73 August 23, 2006Talk at SASTRA72 Evolution in Software Parallel Program Development API: –ANULIB (Proprietary) to MPI (Standard) Runtime environment –I/O restricted to master only (860) to Full I/O (Alpha and x86) –One program at a time (860) to Multiple Programs to Batch operations Applications –In-house parallel to Ready made parallel applications –Commercially available parallel software

74 August 23, 2006Talk at SASTRA73 Issues in building large clusters Scalability of interconnection network Scalability of software components –Communication Libraries –I/O Subsystem –Cluster Management Tools –Applications Installation and Management Procedures Troubleshooting Procedures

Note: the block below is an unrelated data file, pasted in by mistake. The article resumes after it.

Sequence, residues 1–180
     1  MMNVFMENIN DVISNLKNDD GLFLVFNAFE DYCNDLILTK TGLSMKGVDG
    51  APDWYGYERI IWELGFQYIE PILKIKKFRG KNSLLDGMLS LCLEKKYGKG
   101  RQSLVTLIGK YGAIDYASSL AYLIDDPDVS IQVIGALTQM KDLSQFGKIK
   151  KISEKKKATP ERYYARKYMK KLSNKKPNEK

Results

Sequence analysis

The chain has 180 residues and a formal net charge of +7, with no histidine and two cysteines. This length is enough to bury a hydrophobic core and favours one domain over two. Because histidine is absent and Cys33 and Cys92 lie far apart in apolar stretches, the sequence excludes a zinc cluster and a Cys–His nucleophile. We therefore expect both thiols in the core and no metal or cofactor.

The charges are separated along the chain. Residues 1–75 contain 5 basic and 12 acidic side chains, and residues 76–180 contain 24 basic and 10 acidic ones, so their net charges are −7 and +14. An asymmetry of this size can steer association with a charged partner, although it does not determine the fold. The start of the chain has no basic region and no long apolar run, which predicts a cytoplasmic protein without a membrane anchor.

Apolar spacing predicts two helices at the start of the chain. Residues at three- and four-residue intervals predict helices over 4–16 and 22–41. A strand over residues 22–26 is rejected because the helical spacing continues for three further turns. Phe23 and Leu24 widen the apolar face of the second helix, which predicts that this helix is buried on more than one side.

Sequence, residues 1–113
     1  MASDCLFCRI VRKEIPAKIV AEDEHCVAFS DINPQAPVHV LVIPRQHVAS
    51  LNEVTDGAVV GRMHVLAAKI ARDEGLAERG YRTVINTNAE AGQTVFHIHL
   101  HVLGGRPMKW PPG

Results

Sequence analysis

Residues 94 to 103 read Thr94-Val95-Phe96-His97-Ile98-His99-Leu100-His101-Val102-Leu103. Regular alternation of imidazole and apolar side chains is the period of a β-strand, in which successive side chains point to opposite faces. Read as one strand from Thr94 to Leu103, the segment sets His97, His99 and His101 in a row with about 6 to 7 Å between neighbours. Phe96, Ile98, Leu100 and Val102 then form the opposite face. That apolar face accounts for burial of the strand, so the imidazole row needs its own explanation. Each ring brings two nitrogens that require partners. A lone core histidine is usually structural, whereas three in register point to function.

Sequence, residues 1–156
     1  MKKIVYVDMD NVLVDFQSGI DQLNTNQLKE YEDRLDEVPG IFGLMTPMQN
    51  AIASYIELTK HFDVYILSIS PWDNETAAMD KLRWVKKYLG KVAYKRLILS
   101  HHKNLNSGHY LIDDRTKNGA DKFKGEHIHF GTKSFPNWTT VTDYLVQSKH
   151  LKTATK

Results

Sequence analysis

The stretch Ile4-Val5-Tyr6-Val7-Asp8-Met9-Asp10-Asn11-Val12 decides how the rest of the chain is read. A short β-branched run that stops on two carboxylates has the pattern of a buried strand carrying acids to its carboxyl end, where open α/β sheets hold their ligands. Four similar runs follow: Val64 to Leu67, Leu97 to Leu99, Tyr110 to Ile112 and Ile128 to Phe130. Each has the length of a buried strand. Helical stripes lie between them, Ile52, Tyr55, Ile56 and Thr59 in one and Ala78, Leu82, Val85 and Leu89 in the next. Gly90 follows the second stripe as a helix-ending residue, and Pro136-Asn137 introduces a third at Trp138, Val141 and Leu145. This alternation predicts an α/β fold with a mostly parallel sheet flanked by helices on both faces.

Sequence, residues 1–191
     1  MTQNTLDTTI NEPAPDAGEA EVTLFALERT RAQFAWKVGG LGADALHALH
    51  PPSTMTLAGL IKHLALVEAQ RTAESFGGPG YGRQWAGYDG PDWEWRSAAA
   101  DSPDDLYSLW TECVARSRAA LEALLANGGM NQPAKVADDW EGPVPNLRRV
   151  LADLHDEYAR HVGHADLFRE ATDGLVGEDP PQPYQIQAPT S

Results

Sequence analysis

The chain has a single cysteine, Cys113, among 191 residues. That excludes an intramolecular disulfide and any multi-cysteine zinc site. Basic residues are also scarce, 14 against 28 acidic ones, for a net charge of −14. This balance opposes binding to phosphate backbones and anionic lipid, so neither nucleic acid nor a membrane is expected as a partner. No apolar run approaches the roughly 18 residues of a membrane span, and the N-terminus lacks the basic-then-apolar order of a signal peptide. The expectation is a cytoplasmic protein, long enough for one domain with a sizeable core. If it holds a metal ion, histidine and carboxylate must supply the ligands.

75 August 23, 2006Talk at SASTRA74 Other Issues in operating large clusters Space Management –Node form factor –Layout of the nodes –Cable routing and weight Power Management Cooling arrangements

76 August 23, 2006Talk at SASTRA75 The P2P Computing Computing based on P2P architecture allows to share distributed resources with each other with or without the support from a server. How do you manage under utilized resources? - It is seen that utilization of desktop PC is typically <10 %, and this percentage is decreasing even further as PCs are becoming more powerful - Large organizations must be having more than thousand PCs, each delivering > 20 MFlops and this power is growing with every passing day ……Trick is to use Cycle Stealing mode - Each PC now has about 20Gbyte disc capacity 80Gb X 1000 = 80 Terabyte storage space is available ; Very large File storage –How do you harness power of so many PCs in a large organization? …….. Issue of “Owership” hurdle, to be resolved – Latency & bandwidth of LAN environment is quite adequate for P2P computing………Space management no problem; use PCs wherever they are!!